In economic terms, the Value Chain describes the process by which a company receives raw materials, modifies them to add value, and delivers a final product to the market. While optimizing this process is essential in any company, there’s another kind of “value chain” that leaders need to monitor: the internal value chain. What does each individual along the chain add? What value do they contribute and help to deliver?
Evaluating the internal value chain is practice we see regularly in sports. Even when teams have high profile, high-talent individuals, they know that they need a team of competent individuals to succeed.
A Big Screen Example
A great example of this is seen in the 2011 film “Moneyball” which takes a look at the best way to win a baseball game. Most teams thought that stocking their teams with homerun hitters was a sure path to the playoffs. Homeruns win games. Teams spent incredible amounts of money recruiting big power hitters and then wondered why they were not winning.
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In 2002, Oakland A’s general manager Billy Beane, prompted by his low budget, used a different approach. The A’s could only afford “low-value” players, or those who didn’t hit homeruns. Turns out, the real valuable players are the ones who could get on base. That’s a much better indicator of success. Beane put together a team of players who had the ability to get on base, and who had the ability to take the A’s to the playoffs.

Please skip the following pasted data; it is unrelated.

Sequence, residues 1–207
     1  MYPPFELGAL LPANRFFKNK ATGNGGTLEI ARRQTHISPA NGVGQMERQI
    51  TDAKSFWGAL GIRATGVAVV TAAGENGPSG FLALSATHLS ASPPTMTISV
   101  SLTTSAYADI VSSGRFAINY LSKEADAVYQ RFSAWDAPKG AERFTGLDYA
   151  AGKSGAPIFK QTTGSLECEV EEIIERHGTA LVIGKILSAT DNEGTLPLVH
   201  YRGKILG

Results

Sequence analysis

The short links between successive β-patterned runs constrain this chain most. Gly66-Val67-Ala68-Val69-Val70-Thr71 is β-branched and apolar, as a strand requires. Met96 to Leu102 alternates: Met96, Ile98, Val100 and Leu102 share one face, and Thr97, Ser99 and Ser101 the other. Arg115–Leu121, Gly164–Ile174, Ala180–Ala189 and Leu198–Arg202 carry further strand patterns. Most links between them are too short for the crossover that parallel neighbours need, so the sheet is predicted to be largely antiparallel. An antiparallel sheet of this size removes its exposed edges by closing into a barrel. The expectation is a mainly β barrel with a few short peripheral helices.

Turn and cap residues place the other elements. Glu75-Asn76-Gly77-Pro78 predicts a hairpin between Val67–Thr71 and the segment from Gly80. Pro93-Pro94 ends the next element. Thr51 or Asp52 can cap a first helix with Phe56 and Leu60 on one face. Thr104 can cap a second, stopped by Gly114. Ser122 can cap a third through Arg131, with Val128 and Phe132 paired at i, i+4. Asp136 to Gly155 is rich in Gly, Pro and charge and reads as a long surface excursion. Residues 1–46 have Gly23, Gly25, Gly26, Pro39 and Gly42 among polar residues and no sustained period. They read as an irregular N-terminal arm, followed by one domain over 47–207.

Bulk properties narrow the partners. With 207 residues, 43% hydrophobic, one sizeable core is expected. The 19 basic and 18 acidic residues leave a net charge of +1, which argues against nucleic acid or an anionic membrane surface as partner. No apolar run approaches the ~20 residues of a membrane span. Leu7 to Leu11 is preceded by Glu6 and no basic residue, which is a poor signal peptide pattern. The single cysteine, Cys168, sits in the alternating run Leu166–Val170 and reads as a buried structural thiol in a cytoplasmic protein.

Beane and his coaches looked at the value chain and the contributions of each player. One homerun hitter doesn’t win the World Series. A team with great fielders, a submarine pitcher, quick thinkers, and people who can get on base – first base is perfectly fine – that is a team that wins. Other MLB teams caught on, and you can thank (or blame) Beane for the Red Sox’s first World Series championship in 89 years.
How’s Your Line-Up?
It is important to look at your own team: what does each one contribute? Rather than looking at one or two stars, or one or two products or services that are supposed to propel you to success, you have to look at each individual. You can’t hang the success of an organization on a product or a high-potential employee. They are simply not enough if other team members are not up to par.
Instead, build a team of individual contributors who excel in their specific areas. When they function as they are supposed to function, they create significant value and take the company to the next level. Coaches do it on the field all the time, but we don’t do it that often in corporations. We don’t analyze our internal value chain and look at our people, what they do, and how they do it. If we did, we’d have more checks in the win column.